The Bull Og

Onine since 1994. Offline since 1976.

See also the archive

The five most recent posts.

I’ve seen this error a number of times:

Cannot perform operations on a Metamorph that is not in the DOM

… and I’ll admit, I’ve not known exactly what a Metamorph is but for the most part, I can usually remember whatever it was that I just did that caused that error to happen; so I undo and find a different way.

Today, the thought crossed my mind: “What is a Metamorph?” and that’s when I went digging.

I knew from having seen the “metamorph-#-start/end” references in script tags that it was part of the magic that makes Ember.js bindings work, but I didn’t know where they came from.

Suprisingly, I couldn’t find any search results answering the question. It was only after digging through some stackoverflow answers that my curiosity was satisfied when I found this.

Oct 29, 2012

tl;dr : Capybara with phantomjs is the fastest solution around

Years ago, I loved Selenium for everything it made possible, particularly for the Firefox plugin that made it so easy to script-record a user acceptance test and dump it for automation.

Over the years, I have done my fair share of futzing around with Selenium, and when I took a look at Lebowski a few months ago, I thought I had found a silver bullet. It’s really a clean solution for managing everything around acceptance testing, that is, if you’re going to use Selenium.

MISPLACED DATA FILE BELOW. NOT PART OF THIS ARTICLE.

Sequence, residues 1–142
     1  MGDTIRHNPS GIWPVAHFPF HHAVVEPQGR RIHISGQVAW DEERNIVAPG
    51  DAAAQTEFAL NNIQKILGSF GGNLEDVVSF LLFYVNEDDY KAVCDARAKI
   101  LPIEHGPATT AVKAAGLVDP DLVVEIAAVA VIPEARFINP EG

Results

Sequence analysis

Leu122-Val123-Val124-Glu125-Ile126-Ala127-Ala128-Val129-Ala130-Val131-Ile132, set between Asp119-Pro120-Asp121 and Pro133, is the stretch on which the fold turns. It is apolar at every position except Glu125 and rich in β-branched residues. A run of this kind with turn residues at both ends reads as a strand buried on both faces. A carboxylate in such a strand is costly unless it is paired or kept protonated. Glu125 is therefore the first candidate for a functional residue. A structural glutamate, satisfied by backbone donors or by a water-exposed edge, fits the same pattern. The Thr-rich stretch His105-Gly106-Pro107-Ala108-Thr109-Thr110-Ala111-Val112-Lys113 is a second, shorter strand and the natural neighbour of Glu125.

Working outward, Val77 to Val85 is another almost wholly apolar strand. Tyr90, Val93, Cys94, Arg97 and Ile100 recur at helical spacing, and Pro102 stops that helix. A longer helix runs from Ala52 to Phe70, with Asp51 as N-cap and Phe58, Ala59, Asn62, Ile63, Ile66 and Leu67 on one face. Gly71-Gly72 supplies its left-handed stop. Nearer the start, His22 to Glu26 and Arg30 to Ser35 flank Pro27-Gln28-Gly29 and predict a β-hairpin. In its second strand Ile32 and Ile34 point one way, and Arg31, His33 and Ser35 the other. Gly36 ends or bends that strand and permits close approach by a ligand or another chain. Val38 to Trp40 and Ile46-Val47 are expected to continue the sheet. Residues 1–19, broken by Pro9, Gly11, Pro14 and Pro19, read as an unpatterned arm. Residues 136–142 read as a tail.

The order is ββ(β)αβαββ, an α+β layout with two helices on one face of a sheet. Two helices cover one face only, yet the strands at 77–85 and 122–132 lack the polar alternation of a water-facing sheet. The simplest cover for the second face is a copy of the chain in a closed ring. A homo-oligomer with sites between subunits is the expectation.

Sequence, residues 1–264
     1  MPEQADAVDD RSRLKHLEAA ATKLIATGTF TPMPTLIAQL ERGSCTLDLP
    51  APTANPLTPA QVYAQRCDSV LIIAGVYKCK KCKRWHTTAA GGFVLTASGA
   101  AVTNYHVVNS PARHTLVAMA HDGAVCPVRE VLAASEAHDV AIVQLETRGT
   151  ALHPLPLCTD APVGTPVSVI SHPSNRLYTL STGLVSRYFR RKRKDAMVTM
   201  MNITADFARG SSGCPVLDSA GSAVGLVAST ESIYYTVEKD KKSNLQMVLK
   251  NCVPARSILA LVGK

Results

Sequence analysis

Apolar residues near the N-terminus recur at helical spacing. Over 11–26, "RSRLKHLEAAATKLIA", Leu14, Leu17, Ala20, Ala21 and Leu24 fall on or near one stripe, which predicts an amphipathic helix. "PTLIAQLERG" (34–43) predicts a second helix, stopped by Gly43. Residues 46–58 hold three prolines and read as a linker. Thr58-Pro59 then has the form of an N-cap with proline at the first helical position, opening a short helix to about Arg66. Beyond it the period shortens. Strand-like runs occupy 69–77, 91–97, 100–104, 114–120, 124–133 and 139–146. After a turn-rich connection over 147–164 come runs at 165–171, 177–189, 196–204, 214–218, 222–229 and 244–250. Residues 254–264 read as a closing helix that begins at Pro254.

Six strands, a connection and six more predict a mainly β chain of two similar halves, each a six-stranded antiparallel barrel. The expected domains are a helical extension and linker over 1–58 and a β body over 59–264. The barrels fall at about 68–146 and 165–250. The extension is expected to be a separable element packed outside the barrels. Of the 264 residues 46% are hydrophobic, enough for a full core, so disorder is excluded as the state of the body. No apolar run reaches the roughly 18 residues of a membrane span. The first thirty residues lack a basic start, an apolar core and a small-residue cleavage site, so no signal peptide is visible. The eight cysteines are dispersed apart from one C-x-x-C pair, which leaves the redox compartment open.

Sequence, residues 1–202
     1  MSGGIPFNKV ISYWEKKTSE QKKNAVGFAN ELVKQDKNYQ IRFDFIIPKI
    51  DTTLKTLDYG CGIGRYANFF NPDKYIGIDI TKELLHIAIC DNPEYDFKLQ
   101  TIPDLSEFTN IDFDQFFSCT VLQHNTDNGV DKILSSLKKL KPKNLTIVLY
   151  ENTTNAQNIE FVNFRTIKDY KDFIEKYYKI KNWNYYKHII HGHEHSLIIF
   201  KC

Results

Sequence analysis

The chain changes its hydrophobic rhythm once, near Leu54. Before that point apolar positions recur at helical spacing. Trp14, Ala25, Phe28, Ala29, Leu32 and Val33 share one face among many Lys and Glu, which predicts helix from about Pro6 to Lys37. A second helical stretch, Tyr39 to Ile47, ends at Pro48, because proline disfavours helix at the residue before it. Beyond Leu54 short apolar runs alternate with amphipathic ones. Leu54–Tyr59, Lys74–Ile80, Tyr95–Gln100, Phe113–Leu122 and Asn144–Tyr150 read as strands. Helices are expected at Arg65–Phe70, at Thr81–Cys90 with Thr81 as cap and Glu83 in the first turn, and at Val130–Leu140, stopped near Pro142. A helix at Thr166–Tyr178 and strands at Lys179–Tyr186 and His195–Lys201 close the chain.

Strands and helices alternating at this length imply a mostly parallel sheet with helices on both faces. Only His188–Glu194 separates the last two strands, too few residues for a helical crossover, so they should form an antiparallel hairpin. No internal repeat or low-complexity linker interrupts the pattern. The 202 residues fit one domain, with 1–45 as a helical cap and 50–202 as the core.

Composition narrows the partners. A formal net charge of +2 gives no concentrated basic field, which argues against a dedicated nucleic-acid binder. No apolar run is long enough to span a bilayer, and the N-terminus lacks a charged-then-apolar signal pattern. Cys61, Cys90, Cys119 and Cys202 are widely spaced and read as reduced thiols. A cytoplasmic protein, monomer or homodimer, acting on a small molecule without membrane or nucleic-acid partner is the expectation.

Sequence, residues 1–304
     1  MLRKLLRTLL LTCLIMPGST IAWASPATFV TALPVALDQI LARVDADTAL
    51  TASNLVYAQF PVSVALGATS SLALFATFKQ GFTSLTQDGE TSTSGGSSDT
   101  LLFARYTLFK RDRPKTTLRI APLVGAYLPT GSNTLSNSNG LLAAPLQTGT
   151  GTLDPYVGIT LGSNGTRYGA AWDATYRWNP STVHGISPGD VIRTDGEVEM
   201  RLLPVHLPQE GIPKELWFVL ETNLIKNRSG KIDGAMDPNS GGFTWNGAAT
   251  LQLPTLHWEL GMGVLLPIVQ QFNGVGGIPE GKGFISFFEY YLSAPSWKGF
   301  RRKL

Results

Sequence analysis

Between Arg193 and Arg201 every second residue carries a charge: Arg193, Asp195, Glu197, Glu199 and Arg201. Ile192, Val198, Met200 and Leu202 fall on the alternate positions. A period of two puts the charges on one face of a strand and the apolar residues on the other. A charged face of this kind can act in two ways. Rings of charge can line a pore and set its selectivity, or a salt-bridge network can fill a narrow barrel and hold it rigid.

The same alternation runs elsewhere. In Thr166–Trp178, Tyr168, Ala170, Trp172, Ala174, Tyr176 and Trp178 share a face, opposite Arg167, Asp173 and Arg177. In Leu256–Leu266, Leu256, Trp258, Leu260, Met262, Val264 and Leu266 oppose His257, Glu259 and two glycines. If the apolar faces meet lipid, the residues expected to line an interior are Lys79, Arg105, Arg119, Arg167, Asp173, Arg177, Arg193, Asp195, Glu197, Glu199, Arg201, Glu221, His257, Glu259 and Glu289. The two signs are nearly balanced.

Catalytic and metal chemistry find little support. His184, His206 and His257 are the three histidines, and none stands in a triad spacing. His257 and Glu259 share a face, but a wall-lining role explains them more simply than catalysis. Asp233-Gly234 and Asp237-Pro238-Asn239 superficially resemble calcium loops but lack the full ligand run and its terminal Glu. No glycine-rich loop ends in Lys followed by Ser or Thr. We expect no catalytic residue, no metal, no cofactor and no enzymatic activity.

Today, my solution of choice is Capybara with PhantomJS/poltergeist

So far, Capybara’s DSL is so clean and robust for programmatically defining any user action I’ve come up with. I don’t have any benchmarks to share at this time for vanilla-Capybara tests vs. Capybara w/headless JS (poltergeist) but suffice it to say, I spend noticably less time at the command line.

More to come on how to (acceptance) test your Ember.js apps using Capybara/poltergeist.

Oct 15, 2012

Get started with #emberjs and #yeoman with a simple “yeoman init ember-starter”

Sep 10, 2012

I finally brought Resumatic into the 21st century; it’s now a Rails 3.2.0 app.

While I originally intended to go step-by-step, whereby I was going to wrap the app with some regression tests, upgrade, run the tests to prove I didn’t (or did) break something, and then be happy, I soon tired of that given the many dependencies (RSpec, rvm, Rails, etc.)

Given the size of the app, I just decided to get a fresh gemset, install Rails 3.2.0, create a new container project via ‘new’, and then copy all the necessary files from the Rails 2 version in to the Rails 3 container, tweaking wherever new syntax was required.

Someday I’ll add tests…

Jul 23, 2012